Human beings are strange creatures, often waiting until we are forced to change rather than choosing to change before we "hit the wall." We see signs--irregular sleep, discord with others, regular illness, excessive drama, acting outside of our values--but we ignore them. We don’t act or we don't act consistently. Each time we ignore a sign we place a brick in the wall we eventually hit when all those signs add up to crisis. Sine qua non is Latin for indispensable element or condition. I call it "readiness." This blog seeks to connect those who are searching for or have found the sine qua non of change. What makes you or keeps you from taking off? What keeps you from flying or helps you soar? What do you know about change that can help others?

Monday, August 30, 2010

I am change

In the spirit of the Italian film "I am Love," I devote time to the topic "I am change." Change, like love is complex and powerful.

I am change:

baby steps
hard work

Tuesday, August 24, 2010

I have become my mother

I remember the day I was standing in the narrow hallway of the ranch-style rental I lived in with my daughters, hand on hip, speaking in a voice that could only be my mother. It was a perfect example of "family of origin" stuff. There I was in her image, saying the words she would have said to me. Family of origin is roughly the imprinted behaviors implanted into our own lives from habits that belonged to our ancestors.

The idea rattled around my brain. I remember wondering why my daughter sniffing her nose and the neighbor's barking dog made me crazy. Why did they bother me?

One day I realized my sweetie and I have very different perspectives about standing up (in public) for what we believe. I can still hear Mom in the backyard, speaking angrily to me about my having told the neighbors that she was a Democrat. "It's no body's business," she scolded in a loud whisper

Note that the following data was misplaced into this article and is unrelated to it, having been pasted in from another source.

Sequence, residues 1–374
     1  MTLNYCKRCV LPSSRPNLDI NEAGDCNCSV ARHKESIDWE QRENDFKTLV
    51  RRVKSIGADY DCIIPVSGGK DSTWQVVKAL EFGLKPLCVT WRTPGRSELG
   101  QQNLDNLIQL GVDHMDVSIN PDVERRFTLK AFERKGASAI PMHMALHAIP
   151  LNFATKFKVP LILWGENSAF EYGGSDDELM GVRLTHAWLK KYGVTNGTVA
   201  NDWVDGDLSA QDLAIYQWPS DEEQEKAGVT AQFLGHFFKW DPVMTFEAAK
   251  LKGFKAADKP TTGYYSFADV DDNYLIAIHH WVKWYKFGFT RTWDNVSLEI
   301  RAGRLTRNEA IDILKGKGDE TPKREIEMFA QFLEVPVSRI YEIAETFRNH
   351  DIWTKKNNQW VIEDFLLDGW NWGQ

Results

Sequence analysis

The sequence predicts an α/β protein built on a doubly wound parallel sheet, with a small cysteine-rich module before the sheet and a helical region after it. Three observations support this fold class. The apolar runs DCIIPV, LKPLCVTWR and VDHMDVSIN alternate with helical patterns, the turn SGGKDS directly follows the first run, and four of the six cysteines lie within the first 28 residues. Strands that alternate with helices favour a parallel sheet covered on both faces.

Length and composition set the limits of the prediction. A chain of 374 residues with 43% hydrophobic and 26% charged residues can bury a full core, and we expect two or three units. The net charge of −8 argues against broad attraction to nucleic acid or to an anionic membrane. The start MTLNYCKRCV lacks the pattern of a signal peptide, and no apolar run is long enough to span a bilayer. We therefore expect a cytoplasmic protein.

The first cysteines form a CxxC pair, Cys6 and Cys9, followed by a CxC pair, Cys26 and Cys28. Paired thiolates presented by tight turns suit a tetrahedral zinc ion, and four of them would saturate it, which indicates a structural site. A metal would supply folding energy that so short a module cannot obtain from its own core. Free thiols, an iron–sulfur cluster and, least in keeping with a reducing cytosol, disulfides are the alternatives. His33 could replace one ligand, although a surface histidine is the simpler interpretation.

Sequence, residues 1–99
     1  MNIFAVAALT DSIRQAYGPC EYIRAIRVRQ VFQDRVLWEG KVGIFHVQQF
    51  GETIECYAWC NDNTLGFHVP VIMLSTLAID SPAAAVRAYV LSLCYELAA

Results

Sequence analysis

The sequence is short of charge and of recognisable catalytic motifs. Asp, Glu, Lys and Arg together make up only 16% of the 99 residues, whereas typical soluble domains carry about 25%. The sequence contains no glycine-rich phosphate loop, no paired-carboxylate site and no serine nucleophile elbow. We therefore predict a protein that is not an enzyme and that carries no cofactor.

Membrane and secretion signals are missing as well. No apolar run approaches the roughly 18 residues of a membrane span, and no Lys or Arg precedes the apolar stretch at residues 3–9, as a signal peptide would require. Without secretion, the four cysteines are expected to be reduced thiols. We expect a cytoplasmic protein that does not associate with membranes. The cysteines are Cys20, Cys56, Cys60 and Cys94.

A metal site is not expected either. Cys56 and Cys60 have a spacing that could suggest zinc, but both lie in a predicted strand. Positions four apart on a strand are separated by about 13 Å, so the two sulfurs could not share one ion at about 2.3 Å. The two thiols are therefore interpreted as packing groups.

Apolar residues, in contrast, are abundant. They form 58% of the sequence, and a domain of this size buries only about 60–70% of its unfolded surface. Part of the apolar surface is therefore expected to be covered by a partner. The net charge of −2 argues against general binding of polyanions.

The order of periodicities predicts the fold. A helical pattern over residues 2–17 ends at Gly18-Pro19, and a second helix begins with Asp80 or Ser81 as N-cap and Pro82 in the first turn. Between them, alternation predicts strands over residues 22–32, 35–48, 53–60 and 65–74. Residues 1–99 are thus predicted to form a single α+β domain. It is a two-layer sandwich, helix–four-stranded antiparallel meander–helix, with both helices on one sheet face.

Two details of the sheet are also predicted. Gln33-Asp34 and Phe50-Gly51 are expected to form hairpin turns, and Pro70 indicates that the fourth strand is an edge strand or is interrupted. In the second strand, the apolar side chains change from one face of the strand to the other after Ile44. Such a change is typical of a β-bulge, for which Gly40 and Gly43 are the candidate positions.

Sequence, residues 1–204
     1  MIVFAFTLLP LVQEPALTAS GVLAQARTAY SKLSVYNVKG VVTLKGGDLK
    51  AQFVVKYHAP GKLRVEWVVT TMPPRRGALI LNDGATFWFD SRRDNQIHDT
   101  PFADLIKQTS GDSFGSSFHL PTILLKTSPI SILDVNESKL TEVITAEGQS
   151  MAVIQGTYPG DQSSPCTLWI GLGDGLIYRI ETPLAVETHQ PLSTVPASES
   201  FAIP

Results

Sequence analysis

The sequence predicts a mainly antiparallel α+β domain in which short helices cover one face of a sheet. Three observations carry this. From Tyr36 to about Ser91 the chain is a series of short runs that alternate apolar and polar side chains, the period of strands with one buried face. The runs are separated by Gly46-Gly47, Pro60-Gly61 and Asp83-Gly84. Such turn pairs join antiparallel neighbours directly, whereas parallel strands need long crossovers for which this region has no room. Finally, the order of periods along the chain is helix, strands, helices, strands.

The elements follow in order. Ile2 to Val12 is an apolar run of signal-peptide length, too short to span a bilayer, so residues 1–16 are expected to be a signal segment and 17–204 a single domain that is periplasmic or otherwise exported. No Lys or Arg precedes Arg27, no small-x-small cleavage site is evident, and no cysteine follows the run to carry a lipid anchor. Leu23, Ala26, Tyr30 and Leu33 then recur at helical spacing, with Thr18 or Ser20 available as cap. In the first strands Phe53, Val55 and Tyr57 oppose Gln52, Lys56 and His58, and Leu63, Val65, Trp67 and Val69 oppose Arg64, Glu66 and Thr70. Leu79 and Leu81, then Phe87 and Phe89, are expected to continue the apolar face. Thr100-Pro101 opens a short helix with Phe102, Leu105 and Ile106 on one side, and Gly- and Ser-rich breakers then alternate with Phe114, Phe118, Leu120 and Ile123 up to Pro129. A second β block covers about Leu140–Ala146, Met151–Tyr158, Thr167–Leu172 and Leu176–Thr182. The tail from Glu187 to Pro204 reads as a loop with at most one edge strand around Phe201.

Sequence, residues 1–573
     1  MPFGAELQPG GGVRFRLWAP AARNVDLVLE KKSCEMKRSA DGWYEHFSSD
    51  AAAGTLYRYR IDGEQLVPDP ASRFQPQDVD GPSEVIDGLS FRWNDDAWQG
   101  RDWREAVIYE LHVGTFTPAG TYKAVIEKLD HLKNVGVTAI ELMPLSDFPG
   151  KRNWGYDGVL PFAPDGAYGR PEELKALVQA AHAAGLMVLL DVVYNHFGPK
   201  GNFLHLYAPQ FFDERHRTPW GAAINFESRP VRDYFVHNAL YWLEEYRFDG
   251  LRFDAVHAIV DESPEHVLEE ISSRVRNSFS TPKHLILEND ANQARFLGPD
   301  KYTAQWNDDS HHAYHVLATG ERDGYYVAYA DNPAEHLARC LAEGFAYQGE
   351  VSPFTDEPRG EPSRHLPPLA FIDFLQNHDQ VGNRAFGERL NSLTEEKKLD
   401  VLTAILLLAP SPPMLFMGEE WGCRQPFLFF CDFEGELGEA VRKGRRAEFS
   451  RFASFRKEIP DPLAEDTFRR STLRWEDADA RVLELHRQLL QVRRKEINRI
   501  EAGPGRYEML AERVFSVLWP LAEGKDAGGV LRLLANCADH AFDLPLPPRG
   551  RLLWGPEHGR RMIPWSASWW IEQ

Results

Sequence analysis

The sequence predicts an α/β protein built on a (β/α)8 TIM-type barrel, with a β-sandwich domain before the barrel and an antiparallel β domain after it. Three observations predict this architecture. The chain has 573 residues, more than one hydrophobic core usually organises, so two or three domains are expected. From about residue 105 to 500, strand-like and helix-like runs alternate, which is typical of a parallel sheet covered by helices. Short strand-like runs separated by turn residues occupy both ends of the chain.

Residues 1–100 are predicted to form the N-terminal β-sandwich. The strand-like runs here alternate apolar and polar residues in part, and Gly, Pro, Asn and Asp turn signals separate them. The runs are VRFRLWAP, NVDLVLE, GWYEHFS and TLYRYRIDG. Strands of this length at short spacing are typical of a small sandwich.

. Funny, I don't talk about political beliefs with anyone except very close friends and family. My sweetie on the other hand has ancient black and white photos of his mother marching in a crowd in Times Square. He's the kind of guy that will stand on the street corner with a sign of protest stapled to a 1x3" garden stake. There is a part of me that envies his courage and a part of me that cringes at his gall.

Most disturbing is the reality that I too mop the backsplash behind the kitchen faucet when it is puddled with water. It is creepy because it was one of Mom's disapproving actions I hated growing up. Her messy countertop obsession transferred to my own aggravation.

It's one thing for me to choose these behaviors. It's another for me to do them because they are incidiously etched in my brain and I'm bound to live out the insanity that came before me. If I'm going to do something weird, I want it to be conscious and intentful.

Lots of work.

Sunday, August 22, 2010

Another day is over

Were you who you wanted to be?

Thursday, August 19, 2010

Escape from the archives

I pulled this photo out of the archives today because someone asked for Portland photos that are portrait or vertical for a calendar. I didn't know until I searched that most of the photos I take, especially of bridges, are horizontal. During my search I looked at this 2-year old image with a new eye. I found a beauty I had set aside in favor of images in the glow of a blue sky captured at the next photo shoot. Like this sleeper photo, sitting there looking pretty every time I went past her, we ignore the little voice that informs us at a deeper level. We prefer the chatter in the attic.

I related this to those of us who are seeking the blissful path and how hard it is to know where to go and what to do, and how easy it is to latch on to the next sunny idea that bounces in our head rather than stick to that sustaining idea that keeps calling us from our gut. Instead we jump on the next bandwagon
or throw up our arms and surrender to status quo because there are too many options. If I hadn't been asked to look at the archive using a different lens this solid piece of work would've gone unnoticed. I'm sure the lesson is in being true to my artist's eye and avoiding making artistic decisions based on superficial attributes.

Tuesday, August 17, 2010

Transition--lean into it and then cut the cake

I was summoned to a women's circle that I am able to attend infrequently because of time and distance. It's run by a couple of wise women in the their 70s who provide comfort and inspiration through reading or writing, but certainly talking and eating. I have always had the feeling that some of what these women do has a little magic. It was a larger group than usual, triple the size of the usual five- or six-person gathering. There was food and the topic of conversation was inspiring books.